“Egypt is embarking on the biggest desalination and water treatment project in its history,” said President Abdel Fattah al-Sisi in a speech. “We cannot allow a water shortage in Egypt and we have to be prepared so that all citizens across the country get their share of water for both farming and drinking.” This statement coincided with growing concerns over an impending water crisis as construction of Ethiopia’s Renaissance Dam progresses and negotiations between the two countries have not so far resolved any of the technical disputes. While this project is presented as a contingency plan, its ability to make up for lost Nile water if the impasse persists is put to question.
Ahmed Fawzi Diab, expert in water strategies and professor at the Cairo-based Desert Research Center, said that the project has nothing to do with the construction of the Renaissance Dam and will by no means make up for the water shortage caused by the dam. It is rather to deal with current shortage. “Egypt is currently suffering from an annual shortage of 30 billion cubic meters,” he said.
“In order to face this shortage, we need to treat sewage and agricultural wastewater which are directly discharged into the Nile.” Diab added that soon enough another 30 billion cubic meters will be needed owing to the agricultural expansion Egypt is witnessing as well as the expected population growth. “That is why while this project constitutes a positive step towards solving Egypt’s water problems, it should have been done much earlier.” Regarding desalination, Diab said that Egypt needs four stations, each of which producing four billion cubic meters annually. “The real challenge here is the enormous financial cost, which might hinder the realization of those projects on the ground.”
Desalination expert and professor of water chemistry Hossam Ahmed Shawki agreed that the project is required to solve current problems apart from future ones to because by the Renaissance Dam, yet admitted that the dam played a role in pushing the project forward. “The construction of the dam alerted us all to the necessity of looking for alternatives to Nile water which we now depend on almost exclusively,” he said. Shawki explained that Egypt’s share of Nile water is 55.5 billion cubic meters and another seven billion come from subterranean water while the country’s needs exceed 80 billion. “That is why the desalination of sea water was seen as one of the best choices, especially that it depends on an inexhaustible source.” Shawki added that Egypt’s production of desalinated water was 20-30 thousand cubic meters daily 25 years ago then kept increasing until it reached 130,000 one and a half year ago, is currently 250,000, and is expected to reach 700,000 in three years’ time.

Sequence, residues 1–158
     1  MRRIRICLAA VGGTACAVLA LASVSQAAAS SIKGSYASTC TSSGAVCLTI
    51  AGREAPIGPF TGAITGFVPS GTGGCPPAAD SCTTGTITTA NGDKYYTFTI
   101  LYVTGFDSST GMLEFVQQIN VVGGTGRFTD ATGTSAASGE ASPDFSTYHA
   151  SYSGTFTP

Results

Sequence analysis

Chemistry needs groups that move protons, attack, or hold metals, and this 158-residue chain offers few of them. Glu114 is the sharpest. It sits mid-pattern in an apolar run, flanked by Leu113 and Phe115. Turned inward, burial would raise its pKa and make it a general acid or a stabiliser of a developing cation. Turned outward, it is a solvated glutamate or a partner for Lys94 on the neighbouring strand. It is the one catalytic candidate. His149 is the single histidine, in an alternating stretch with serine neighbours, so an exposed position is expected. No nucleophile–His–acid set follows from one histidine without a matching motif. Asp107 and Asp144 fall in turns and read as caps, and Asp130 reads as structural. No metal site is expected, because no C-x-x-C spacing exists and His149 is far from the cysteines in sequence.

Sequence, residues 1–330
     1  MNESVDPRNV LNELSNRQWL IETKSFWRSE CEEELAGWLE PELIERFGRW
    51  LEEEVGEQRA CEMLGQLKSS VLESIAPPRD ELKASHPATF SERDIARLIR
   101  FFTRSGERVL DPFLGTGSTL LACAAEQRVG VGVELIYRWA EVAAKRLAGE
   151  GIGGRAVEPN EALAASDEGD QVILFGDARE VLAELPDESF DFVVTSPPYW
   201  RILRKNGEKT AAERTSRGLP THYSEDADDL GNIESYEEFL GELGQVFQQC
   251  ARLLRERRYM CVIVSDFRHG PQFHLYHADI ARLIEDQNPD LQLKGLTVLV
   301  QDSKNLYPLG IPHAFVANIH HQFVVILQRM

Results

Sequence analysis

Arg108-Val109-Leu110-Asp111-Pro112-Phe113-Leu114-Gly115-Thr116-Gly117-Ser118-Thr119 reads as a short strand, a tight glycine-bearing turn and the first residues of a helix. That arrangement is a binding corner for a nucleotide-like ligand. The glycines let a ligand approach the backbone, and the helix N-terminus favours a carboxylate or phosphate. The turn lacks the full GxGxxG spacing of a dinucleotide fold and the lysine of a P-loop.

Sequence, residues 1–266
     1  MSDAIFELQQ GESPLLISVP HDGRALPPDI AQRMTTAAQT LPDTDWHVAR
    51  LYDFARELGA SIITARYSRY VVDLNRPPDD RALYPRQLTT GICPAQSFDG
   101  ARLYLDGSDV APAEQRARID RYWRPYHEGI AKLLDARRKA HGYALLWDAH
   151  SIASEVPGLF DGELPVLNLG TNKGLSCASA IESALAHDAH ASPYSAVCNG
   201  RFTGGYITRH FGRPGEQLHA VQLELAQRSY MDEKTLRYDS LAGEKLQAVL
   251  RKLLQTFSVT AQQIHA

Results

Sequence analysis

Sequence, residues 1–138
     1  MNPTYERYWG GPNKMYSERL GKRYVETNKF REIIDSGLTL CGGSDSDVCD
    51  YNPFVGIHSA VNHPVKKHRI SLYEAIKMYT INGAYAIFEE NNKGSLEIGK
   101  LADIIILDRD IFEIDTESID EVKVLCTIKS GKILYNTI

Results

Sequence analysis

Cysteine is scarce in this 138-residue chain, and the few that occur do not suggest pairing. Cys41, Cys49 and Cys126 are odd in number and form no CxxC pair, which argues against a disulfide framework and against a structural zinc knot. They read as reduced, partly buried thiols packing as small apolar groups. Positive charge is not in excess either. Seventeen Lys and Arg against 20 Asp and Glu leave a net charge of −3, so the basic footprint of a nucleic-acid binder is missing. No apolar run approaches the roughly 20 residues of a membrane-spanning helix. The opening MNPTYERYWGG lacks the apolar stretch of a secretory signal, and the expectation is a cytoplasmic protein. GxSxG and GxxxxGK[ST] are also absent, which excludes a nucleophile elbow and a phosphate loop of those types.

“A few months ago, the Hurghada desalination station started operating and is now producing 180,000 cubic meters daily.” Shawki noted that desalination in Egypt started in coastal areas where potable water was needed for resorts, but with the new project stations will be spread across the country. “Desert areas, on the other hand, can depend mostly on subterranean water and there was a previous successful example in Algeria. Also, the desalination of subterranean water is cheaper than the desalination of sea water.”
Inevitable construction of the Jonglei Canal
According to water expert Nader Nour al-Din resuming the construction of the Jonglei Canal, which would make use of water wasted in the swamps and divert it to the main river channel, is now inevitable. “This canal will produce around 20 billion cubic meters,” he said. “Egypt has good relations with South Sudan, where the canal is now located, which would help move the project forward. It is also as important for South Sudan as it is for Egypt since it will provide irrigation water for hundreds of thousands of acres.” This project, Nour al-Din noted, still faces a lot of challenges that are not confined to sources of funding. “The project stopped before because of the war between the Sudanese government and South Sudan rebels and now the political situation in South Sudan is not very stable,” he explained. “If further clashes erupt, the project will be threatened once more.”
Sudanese water expert Salman Mohamed Salman underlined other challenges that are likely to hinder the implementation of the canal project. “Locals in the area where the canal is to be dug have for long objected to the project and staged several protests because they believe it will harm them,” he said. “The canal will obstruct the movement of the cattle in the area and is likely to have a negative impact on the amount of rain in the region.” The amount of rain in the area is determined by the water evaporating from the swamps, which will decrease when the water is diverted. Salman also noted that the swamps in this part have been designated an ecological zone, which makes the construction of the canal even more difficult now.
Safwat Abdel Dayem, advisor to the Arab Water Council, detailed the losses expected to be incurred by the Renaissance Dam in addition to the already-existing water shortage. “According to research, our share of Nile water will decrease by 5-10 billion cubic meters annually and the water stored in the High Dam will also be affected,” he said. “This will have a negative impact on agriculture both in terms of consumption and export.” Abdel Dayem explained that is Egypt share of Nile water decreases by five billion cubic meters, the losses of the agriculture sector will amount to 75 billion Egyptian pounds. “This loss will reach 150 billion Egyptian pounds if our share decreases by 10 billion cubic meters.”
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